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Opportunity Spots Curious Object On Mars

Opportunity Spots Curious Object On Mars
Scientists are puzzling over object found at Opportunity’s exploration site within Meridiani Planum. Early speculation is that the “rock” may be a meteorite. Image (Image credit: NASA/JPL)

NASA's Opportunity Mars rover has come across an interesting object -- perhaps a meteorite sitting out in the open at Meridiani Planum. Initial data taken by the robot's Mini-Thermal Emission Spectrometer (Mini-TES) is suggestive that the odd-looking "rock" is made of metal.

The curious-looking object stands out in the parking-lot like landscape of Meridiani Planum.

"We're curious about it too. We have Mini-TES data on it now, and they suggest that it may actually be made of metal," said Steve Squyres, lead scientist on the Mars Exploration Rover mission from Cornell University.

"So we are beginning to suspect that it may be a meteorite. I stress that this is very preliminary!", Squyres told SPACE.com.

Opportunity has been busy at work inspecting entry debris -- hardware that fell to Mars during the robot's entry, descent, and landing over a year ago.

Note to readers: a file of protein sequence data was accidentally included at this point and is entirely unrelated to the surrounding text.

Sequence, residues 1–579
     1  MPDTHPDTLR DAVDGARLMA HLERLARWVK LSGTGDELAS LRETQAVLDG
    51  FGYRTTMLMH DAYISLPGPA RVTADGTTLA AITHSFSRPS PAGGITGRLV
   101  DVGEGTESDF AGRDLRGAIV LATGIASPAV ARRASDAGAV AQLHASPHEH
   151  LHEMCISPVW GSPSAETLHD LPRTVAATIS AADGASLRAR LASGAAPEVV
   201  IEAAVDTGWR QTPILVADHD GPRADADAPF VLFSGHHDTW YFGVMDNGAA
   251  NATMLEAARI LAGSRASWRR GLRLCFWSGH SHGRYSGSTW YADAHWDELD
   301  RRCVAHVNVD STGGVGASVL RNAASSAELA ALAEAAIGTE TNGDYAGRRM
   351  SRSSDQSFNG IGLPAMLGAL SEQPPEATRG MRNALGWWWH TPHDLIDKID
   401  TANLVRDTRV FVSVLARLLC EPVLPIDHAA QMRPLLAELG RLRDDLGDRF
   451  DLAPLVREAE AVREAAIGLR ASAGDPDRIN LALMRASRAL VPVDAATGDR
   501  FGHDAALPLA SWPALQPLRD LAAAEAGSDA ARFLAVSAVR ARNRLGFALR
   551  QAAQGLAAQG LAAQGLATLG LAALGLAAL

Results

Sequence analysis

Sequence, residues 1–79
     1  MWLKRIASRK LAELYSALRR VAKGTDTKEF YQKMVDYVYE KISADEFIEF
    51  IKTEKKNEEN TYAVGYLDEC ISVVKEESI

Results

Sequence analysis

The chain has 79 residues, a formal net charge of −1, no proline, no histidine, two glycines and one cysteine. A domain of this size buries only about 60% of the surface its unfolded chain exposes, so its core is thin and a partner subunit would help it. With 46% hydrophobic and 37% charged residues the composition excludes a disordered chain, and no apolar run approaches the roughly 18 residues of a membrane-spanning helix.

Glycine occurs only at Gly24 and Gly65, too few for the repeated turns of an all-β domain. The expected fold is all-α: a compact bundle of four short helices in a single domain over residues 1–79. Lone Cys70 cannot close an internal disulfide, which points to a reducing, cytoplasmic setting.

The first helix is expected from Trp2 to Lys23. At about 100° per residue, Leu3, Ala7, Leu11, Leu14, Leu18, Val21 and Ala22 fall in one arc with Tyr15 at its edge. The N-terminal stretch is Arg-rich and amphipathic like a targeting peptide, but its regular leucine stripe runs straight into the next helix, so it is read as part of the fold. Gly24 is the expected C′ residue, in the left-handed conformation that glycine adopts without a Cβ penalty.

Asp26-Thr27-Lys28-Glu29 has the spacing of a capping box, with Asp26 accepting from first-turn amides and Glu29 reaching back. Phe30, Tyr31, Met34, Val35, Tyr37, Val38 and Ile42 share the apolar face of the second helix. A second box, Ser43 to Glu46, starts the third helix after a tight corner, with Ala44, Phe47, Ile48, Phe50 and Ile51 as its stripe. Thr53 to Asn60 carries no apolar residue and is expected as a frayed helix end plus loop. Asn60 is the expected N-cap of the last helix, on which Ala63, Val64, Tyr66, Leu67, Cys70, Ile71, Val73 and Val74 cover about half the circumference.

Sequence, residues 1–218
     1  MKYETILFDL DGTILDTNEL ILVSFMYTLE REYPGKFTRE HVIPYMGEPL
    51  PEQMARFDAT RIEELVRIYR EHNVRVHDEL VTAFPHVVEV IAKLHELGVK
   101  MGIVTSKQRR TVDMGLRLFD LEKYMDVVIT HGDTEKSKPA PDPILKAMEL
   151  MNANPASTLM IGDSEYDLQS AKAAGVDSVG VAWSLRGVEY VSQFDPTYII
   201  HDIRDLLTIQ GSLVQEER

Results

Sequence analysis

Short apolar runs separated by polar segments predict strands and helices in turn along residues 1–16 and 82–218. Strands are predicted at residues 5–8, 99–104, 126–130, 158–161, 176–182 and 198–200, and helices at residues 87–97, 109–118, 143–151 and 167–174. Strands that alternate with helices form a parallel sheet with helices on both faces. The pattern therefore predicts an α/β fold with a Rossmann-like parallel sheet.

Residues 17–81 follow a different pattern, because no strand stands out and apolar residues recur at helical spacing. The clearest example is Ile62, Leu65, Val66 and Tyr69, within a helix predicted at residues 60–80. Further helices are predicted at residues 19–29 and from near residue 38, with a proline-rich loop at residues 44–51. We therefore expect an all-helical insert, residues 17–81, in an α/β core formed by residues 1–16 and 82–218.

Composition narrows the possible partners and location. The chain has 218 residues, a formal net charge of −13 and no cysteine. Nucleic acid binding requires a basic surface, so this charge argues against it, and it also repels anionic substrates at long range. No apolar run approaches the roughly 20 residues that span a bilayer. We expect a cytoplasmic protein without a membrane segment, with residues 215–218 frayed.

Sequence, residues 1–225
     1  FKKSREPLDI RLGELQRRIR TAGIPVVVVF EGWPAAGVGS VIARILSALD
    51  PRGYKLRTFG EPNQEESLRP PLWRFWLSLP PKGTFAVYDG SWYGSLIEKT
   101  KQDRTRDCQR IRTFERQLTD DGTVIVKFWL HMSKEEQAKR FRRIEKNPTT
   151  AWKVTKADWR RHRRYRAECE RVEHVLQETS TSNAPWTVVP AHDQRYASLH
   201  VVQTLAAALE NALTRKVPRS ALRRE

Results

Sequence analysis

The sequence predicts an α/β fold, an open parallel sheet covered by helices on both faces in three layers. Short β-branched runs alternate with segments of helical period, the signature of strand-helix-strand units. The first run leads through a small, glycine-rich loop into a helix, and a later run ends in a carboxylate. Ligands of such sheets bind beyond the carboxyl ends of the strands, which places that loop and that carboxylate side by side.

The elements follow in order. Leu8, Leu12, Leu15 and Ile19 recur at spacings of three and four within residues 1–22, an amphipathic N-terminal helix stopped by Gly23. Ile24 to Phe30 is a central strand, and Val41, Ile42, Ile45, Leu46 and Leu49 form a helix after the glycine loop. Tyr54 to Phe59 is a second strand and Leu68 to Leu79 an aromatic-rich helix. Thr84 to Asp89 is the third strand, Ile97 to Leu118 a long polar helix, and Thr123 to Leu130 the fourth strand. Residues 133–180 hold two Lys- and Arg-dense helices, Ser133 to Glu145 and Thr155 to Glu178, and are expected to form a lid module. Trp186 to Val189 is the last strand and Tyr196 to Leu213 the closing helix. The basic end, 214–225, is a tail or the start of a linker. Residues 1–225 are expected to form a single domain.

Not too distant from the debris field, the odd-looking rock sits alone atop the sandy terrain.

Squyres cautioned that it is too early to identify the rock as a meteorite.

The next step by rover scientists is to carefully examine the object with Opportunity's Instrument Deployment Device, or IDD. This robot arm is tipped with scientific instruments.

Once extended out to the object, the arm-mounted devices can study the object's structure in great detail. The instruments on the IDD are the Microscopic Imager, the M?ssbauer Spectrometer, the Alpha Particle X-Ray Spectrometer, and a Rock Abrasion Tool.

"We're going to look at it carefully with the IDD instruments next, and that should enable us to determine for sure what it is," Squyres said.

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Leonard David
Leonard David

Leonard David is an award-winning space journalist who has been reporting on space activities for more than 50 years. Currently writing as Space.com's Space Insider Columnist among his other projects, Leonard has authored numerous books on space exploration, Mars missions and more, with his latest being "Moon Rush: The New Space Race" published in 2019 by National Geographic. He also wrote "Mars: Our Future on the Red Planet" released in 2016 by National Geographic. Leonard  has served as a correspondent for SpaceNews, Scientific American and Aerospace America for the AIAA. He was received many awards, including the first Ordway Award for Sustained Excellence in Spaceflight History in 2015 at the AAS Wernher von Braun Memorial Symposium. You can find out Leonard's latest project at his website and on Twitter.